A financial regulator has fined the Bank of Montreal $200,000 for committing three violations relating to its home-equity line of credit products.
The Financial Consumer Agency of Canada (FCAC), which regulates financial institutions, said the bank failed to disclose certain information that was required to be disclosed under the cost of borrowing regulations. The bank also failed to meet requirements about the format in which the information was to be disclosed, such as the font style and size.
Home-equity lines of credit, or HELOCs, allow people to borrow against the equity that they have in their homes at attractive rates, which has made them a key source of household credit for Canadians. However, a recent report from credit-monitoring firm TransUnion Canada suggests that tighter mortgage rules have slowed the market for HELOCs.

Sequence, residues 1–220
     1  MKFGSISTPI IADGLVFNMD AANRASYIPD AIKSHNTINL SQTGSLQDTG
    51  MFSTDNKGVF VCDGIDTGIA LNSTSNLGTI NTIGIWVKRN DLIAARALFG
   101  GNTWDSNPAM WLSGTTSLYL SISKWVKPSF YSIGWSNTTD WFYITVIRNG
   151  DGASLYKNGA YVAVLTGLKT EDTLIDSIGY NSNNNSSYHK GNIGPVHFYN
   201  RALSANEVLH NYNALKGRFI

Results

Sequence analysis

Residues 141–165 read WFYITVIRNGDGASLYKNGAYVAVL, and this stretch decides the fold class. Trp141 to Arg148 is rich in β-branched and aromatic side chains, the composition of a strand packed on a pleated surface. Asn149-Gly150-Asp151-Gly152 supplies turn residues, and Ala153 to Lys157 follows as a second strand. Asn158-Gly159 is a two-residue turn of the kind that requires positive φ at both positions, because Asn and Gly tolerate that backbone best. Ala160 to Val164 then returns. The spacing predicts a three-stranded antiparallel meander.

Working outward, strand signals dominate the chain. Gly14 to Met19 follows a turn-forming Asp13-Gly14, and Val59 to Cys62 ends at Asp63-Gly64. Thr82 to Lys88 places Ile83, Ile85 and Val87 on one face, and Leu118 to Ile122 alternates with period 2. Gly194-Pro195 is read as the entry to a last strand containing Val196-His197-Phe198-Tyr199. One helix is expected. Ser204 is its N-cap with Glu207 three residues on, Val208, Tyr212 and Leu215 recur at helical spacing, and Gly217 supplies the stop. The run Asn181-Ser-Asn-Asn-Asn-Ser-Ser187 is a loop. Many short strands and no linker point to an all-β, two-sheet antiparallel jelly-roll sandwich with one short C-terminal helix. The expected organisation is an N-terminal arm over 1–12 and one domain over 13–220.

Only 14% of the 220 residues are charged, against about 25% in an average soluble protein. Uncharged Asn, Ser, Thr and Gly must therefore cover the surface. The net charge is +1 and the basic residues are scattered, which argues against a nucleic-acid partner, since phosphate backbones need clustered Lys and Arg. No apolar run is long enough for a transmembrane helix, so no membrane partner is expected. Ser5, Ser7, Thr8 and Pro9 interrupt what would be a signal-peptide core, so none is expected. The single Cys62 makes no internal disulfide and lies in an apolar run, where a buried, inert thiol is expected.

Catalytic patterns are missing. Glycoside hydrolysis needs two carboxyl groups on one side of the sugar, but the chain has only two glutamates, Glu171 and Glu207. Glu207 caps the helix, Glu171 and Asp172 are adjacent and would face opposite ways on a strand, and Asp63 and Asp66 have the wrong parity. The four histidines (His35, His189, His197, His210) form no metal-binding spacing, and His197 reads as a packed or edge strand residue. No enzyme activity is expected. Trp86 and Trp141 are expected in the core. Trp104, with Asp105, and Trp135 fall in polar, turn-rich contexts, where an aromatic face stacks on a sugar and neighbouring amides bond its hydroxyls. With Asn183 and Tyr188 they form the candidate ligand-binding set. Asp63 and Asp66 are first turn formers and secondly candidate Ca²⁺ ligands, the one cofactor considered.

The FCAC made its decision on August 24 but only published it on Thursday. The agency said in an e-mail that the delay occurred because it must complete “various administrative processes” before publication.
BMO has been in breach of the rules since Jan. 1, 2010, the FCAC said in a statement.
An estimated 136,075 customers were impacted between January, 2010, and December, 2016.
A BMO spokesperson said there was no financial harm to its customers as a result of the disclosure issue.
“We take our legal and regulatory responsibilities very seriously and have provided our customers with updated cost of borrowing information,” BMO said in a statement.
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